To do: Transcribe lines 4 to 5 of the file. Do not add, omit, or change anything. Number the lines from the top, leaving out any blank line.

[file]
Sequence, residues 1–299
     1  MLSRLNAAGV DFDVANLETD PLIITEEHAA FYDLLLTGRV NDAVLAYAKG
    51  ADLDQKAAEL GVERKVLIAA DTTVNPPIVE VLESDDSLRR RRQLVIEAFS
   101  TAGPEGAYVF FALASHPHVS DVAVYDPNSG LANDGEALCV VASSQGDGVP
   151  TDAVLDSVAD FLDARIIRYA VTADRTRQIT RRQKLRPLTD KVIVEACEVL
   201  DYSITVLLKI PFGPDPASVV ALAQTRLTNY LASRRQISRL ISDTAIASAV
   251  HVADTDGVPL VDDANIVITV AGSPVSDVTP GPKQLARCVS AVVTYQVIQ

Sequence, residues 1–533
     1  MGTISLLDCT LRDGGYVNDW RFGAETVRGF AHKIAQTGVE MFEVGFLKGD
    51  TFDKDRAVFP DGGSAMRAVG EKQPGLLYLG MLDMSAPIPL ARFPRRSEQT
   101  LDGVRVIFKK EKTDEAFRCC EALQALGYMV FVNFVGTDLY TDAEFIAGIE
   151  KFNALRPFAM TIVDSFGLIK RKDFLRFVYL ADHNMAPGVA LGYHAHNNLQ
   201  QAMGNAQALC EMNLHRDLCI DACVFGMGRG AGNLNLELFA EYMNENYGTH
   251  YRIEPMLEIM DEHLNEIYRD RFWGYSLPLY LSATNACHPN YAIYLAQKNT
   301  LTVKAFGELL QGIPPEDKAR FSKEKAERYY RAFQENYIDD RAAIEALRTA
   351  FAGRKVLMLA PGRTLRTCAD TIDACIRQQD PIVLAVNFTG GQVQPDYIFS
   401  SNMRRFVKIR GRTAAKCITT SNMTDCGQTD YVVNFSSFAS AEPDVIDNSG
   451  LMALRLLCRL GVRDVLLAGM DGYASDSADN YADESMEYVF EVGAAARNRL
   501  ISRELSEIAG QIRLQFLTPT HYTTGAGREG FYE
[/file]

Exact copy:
   101  TAGPEGAYVF FALASHPHVS DVAVYDPNSG LANDGEALCV VASSQGDGVP
   151  TDAVLDSVAD FLDARIIRYA VTADRTRQIT RRQKLRPLTD KVIVEACEVL